The pursuit of growth is equally potent among the people. With the Chinese economy growing over tenfold in the last twenty years, a new wave of middleclass has appeared in China’s metropolises such as Beijing and Shanghai. Along with this new middleclass comes a wave of state-sponsored consumerism. The freshly minted middleclass is eager to buy the flashiest phone or dress or car to flaunt their newly acquired social status, betting on the economy to keep growing so they can continue enjoying this material comfort. Meanwhile, those feeling envious and left out are praying for another economic boom so they may finally join the ranks of the middleclass.
Multiple Causes of Fixation on Growth
The Chinese fixation on growth is caused by a myriad of factors. Firstly, the aforementioned historic spirit that permeates Chinese society no doubt has its influence over the top party officials and their economic advisors, who might be inclined to believe that sustained growth could be achieved for many more years, if not indefinitely, either through technological advancement or expansion of market access.
Secondly, China is still a country that—in many regions—desperately needs growth. Li Keqiang, premier of China, noted in 2020 that there are still more than 600 million people in the country who have a monthly income lower than 1000 yuan (around 150 dollars). Much of this poverty is due to China’s maldistribution of wealth, indicated by a Gini coefficient of 0.47. However, even with a perfectly even distribution of wealth, China’s GDP per capita of $10,500 would still fall short of what most economists consider a “developed” economy.
In domestic politics, the prospect of growth is the central pillar of the CCP’s rule. As many scholars argue, the Chinese people are willingly trading their political rights for better economic opportunities, and without an ever enlarging economic pie, there wouldn’t be many incentives to tolerate the current political oppression.
Finally, there may even be a second cold war brewing; this one between the USA and China. If, as in the original Cold War, the score is kept with GDP, yet more pressure builds for Chinese (and American) economic growth.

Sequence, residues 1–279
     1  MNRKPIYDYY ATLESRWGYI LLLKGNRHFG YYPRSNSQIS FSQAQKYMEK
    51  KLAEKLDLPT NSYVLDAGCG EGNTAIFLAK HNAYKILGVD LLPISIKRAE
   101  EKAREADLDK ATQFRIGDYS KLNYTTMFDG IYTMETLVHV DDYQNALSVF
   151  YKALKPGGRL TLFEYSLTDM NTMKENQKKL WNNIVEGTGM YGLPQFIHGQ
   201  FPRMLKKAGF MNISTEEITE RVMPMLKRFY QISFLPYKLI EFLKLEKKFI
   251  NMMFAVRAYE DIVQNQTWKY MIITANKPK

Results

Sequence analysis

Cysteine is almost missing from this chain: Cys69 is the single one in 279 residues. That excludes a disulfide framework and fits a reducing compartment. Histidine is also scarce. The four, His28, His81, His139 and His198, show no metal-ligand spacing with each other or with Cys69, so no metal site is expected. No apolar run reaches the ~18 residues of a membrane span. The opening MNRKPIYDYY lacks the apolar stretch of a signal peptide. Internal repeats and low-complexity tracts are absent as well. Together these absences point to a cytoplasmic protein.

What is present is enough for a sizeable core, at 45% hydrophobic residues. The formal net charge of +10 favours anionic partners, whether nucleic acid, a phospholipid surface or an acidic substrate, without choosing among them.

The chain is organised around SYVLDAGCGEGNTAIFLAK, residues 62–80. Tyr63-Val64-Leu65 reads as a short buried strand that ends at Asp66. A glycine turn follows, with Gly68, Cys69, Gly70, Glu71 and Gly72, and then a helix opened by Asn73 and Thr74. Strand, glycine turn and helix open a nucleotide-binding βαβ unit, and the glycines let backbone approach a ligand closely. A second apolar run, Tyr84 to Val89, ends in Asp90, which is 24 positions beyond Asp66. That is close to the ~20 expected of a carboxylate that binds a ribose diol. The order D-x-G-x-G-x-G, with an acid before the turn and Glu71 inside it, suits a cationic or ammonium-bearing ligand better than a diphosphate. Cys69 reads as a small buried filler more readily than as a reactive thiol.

Through the combination of all these elements, the CCP has put growth among one of its top priorities, even using GDP growth as the main measurement in performance reviews for its provincial and municipal party officials. Thus, it’s not hard to see why the CCP is so focused on growing the national economy and using it to measure the performance of its bureaucracy, without much regard to steady-state economics.
Outlook for Steady Statesmanship
While China’s mainstream reception of steady-state thinking is practically nonexistent, the situation is not entirely bleak. Economic scholars from some of China’s top universities such as Nankai’s Maochu Zhong and Tongji’s Dajian Zhu have openly acknowledged the validity of steady-state economics. These scholars have studied the works of Herman Daly and related scholars, and consider the steady-state model a possible alternative to the growth-orientated economic mindset.
Moreover, even though the CCP is fixated on growth, it has become increasingly adept at spinning rhetoric for a positive light when its political performance is ill-performing. An example is the use of the phrase 负增长—degrowth—at least as it pertains to China’s declining birthrates. Thus, if the CCP did decide to adopt the steady state economy as a policy goal, party leaders would simply frame it as a beneficial endeavor for the Chinese people.
The road to establishing broad social support for a steady state economy in China is an arduous one. Even with a better understanding of the Chinese cultural and political fixation on growth, China’s unique political structure and raging nationalist sentiments will prove to be difficult obstacles to navigate around. One thing is certain: The endeavor to reach across the aisles with steady-state words and action—to and from East, West, North, and South—can make or break the prospects for steady statesmanship worldwide.
Yiran Cheng is pursuing a Master of Public Policy degree at Georgetown University and served as a CASSE intern (summer 2022).